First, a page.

Presence has been swirling around me, chasing me in the fall wind, working its way through my hair. I taste it in time with friends, in singing in a choir, and in the longing to run away from what is hard. We have all been surviving for so long. And there are new hills to climb as we rise out of the critical and isolating phases of a pandemic to enter into reimagining and rebuilding. 

On the other side of grief, of leaving the broken, of destruction is recovering, healing, and growing something new. And one of the practices that carries through both seasons is presence. Just plain showing up for what is and who I am today is both difficult and courageous. 

In the hardest seasons of my life, I had to learn to show up for my difficult emotions. I had learned to repress anger, rationalize fear, repel sadness. But there was no way out but through. I learned to name what I was feeling, talk it through with therapists, family, and friend. I practiced showing up to let others carry me, especially when that was uncomfortable, undesirable, and hard. 

Things are so much better now than they were on those worst days. Still, life brings unexpected cold fronts and exciting, if overwhelming opportunities to grow. Presence means showing up for this too. It is almost harder to be fully present to joy and laughter. To seize the moment for play and relaxation. To set down whatever preoccupies me and really be here in my life.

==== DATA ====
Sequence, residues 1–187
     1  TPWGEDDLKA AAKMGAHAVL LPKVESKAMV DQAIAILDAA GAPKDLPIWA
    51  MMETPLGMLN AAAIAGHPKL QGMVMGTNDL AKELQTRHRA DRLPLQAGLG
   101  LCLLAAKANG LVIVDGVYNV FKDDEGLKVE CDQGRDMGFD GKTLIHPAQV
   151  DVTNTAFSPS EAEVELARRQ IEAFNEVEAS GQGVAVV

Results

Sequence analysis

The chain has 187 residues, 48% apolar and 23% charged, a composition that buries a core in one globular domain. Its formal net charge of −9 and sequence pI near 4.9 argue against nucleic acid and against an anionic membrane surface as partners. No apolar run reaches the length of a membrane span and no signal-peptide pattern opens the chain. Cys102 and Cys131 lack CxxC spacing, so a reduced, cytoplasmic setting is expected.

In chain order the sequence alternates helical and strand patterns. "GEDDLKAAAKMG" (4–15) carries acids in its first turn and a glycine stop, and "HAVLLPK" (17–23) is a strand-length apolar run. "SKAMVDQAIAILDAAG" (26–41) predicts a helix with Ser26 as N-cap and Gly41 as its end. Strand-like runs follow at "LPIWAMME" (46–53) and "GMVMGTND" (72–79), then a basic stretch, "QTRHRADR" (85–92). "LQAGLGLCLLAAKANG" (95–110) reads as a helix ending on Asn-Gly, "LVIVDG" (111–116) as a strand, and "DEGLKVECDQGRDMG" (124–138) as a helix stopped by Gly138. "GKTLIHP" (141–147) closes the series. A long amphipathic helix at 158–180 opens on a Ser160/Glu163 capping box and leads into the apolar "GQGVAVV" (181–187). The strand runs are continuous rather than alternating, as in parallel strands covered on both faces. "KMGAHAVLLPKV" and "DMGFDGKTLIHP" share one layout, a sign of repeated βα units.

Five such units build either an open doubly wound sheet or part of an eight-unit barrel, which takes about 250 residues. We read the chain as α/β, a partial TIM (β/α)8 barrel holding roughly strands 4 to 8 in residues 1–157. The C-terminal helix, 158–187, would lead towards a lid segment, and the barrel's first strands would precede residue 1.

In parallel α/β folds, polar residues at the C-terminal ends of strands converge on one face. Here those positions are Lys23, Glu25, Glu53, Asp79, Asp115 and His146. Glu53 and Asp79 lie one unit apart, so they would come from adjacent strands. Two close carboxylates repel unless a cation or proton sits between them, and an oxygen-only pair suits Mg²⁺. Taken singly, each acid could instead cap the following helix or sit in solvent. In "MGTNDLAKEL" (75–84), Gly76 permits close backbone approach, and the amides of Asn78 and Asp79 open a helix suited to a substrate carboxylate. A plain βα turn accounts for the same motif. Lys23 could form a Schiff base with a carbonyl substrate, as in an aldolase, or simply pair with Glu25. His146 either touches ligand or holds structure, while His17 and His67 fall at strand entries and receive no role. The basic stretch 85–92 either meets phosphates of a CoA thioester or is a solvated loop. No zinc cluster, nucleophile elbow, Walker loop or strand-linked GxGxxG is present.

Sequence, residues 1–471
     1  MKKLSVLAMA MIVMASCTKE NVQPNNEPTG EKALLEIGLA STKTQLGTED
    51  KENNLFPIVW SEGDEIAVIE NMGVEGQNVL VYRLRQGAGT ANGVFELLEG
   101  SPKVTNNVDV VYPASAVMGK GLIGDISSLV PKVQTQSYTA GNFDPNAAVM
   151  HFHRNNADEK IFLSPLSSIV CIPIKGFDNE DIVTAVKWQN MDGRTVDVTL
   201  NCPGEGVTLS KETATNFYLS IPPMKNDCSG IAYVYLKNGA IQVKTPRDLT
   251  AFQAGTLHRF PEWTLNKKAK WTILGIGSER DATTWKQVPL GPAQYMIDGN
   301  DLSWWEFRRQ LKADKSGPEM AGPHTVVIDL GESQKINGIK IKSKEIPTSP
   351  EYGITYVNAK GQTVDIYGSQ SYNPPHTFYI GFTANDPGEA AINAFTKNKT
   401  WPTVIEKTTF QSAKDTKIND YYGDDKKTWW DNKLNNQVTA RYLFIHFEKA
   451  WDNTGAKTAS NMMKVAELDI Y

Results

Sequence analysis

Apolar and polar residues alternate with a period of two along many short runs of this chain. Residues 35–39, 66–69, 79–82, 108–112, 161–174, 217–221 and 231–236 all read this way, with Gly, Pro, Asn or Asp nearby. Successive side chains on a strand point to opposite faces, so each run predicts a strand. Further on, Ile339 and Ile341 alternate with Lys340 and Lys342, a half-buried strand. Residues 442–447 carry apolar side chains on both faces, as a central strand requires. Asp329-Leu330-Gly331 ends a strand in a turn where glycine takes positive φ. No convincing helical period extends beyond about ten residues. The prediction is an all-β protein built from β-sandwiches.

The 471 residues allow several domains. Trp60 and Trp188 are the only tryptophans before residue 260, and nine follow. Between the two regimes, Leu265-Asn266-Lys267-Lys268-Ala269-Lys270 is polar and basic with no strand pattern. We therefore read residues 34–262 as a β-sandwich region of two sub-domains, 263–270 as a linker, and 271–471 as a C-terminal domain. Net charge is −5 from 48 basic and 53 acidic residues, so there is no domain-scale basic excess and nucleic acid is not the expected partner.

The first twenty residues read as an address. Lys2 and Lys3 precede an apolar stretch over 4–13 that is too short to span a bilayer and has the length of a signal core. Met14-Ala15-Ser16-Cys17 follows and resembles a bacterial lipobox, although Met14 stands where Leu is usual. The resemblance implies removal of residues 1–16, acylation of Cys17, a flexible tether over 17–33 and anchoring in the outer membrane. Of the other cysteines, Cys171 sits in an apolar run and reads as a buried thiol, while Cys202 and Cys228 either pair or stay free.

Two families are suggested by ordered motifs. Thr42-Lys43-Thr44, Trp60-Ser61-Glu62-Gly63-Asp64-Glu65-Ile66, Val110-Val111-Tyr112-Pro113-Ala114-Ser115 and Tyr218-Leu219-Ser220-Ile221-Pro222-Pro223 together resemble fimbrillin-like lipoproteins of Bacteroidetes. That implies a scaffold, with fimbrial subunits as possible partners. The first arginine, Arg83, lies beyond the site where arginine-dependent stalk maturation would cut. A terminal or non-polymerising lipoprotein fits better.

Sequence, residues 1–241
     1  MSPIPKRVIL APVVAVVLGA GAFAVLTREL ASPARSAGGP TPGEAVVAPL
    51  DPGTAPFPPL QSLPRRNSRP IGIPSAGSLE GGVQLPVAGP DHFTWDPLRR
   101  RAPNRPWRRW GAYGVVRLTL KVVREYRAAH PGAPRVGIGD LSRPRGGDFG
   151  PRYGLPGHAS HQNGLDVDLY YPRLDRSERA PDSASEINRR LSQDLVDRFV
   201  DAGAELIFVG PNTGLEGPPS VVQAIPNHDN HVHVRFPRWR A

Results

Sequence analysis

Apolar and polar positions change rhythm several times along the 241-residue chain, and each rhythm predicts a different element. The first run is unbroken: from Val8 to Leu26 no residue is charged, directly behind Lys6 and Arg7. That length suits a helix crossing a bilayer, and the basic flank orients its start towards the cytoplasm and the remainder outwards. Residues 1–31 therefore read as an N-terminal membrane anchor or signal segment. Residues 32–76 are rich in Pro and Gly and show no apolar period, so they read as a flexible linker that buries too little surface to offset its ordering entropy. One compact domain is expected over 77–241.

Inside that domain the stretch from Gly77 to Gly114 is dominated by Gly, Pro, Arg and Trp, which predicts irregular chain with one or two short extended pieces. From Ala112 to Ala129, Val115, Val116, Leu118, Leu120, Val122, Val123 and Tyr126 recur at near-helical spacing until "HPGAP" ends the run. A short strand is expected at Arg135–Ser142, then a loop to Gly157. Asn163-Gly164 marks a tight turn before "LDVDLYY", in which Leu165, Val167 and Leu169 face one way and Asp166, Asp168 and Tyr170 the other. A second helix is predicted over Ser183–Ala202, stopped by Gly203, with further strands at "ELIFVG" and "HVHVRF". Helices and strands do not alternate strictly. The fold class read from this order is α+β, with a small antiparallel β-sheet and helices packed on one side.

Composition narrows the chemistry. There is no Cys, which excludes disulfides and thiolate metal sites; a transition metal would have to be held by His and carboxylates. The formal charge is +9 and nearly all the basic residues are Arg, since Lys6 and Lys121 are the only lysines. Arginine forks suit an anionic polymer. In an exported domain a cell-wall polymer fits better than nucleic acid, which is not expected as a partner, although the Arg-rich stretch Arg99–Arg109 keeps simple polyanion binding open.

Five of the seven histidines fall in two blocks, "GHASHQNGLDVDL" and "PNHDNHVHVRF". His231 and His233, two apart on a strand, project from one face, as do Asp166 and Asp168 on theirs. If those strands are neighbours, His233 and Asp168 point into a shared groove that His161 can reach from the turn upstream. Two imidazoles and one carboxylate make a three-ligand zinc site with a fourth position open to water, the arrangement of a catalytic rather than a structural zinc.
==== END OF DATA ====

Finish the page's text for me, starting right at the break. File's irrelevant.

We live in a world that offers us distraction, escape, and avoidance in every imaginable form: smart phones, food, exercise, books, tv, work, hobbies, stuff. The challenge is to use these things to find and live life rather than avoid it.  

I move so quickly between seeing the world for what it is and being totally lost in my own head. This week, I found myself in awe of the fall colours so many times, drawn into the miracle of the people I love, captivated by how good potatoes can be. And in the next moments, I have been completely at a loss for how to move forward through a complex situation, completely annoyed by someone else’s actions, and feeling desperate and afraid. I know what I need to do and how important it is to be gentle and kind to myself and still I struggle with both. 

When I find myself pulled in many directions, lost everywhere but here, I find it helpful to sink deeply into three movements:

  1. Breathe and notice. Feel the air go into my lungs, and push it back out. See the details of my surroundings. Look at the people. Drink in colour, smells, sounds. I am here, right now. 
  2. Feel. Look for and name any emotions that are present. Pay attention to where they sit in your body, whether they are heavy or light, pleasant or irritating, inviting or demanding. Express them however it is possible and safe to do so. And then, let them go. 
  3. Ask. What is the next loving thing you can do to be fully here right now? Don’t overthink it – see a way forward in this moment and live into it with courage. Cry, create, connect – there isn’t a road map. Trust yourself. You won’t always know if it is the right thing. That’s okay. When you see another way, you can choose again if you need to. 

Called back to myself, I often remember my grandpa, whistling in the far yard while he worked or sitting in his wheelchair in old age waiting for a cribbage game when we came to visit. He taught me to watch birds outside the window and cheer at a ball game. The things that mean the world are often surprisingly simple. Call or text the person. Listen with empathy. Say how you feel. Set the boundary with love. Act with kindness. 

Our world needs us here. Present and showing up with courage, for ourselves and each other. Whether you are wading through loss and heartache or rising into a new thing, your presence draws in the Breath that is life. May it being you back to yourself so that you can be yourself for the world. 

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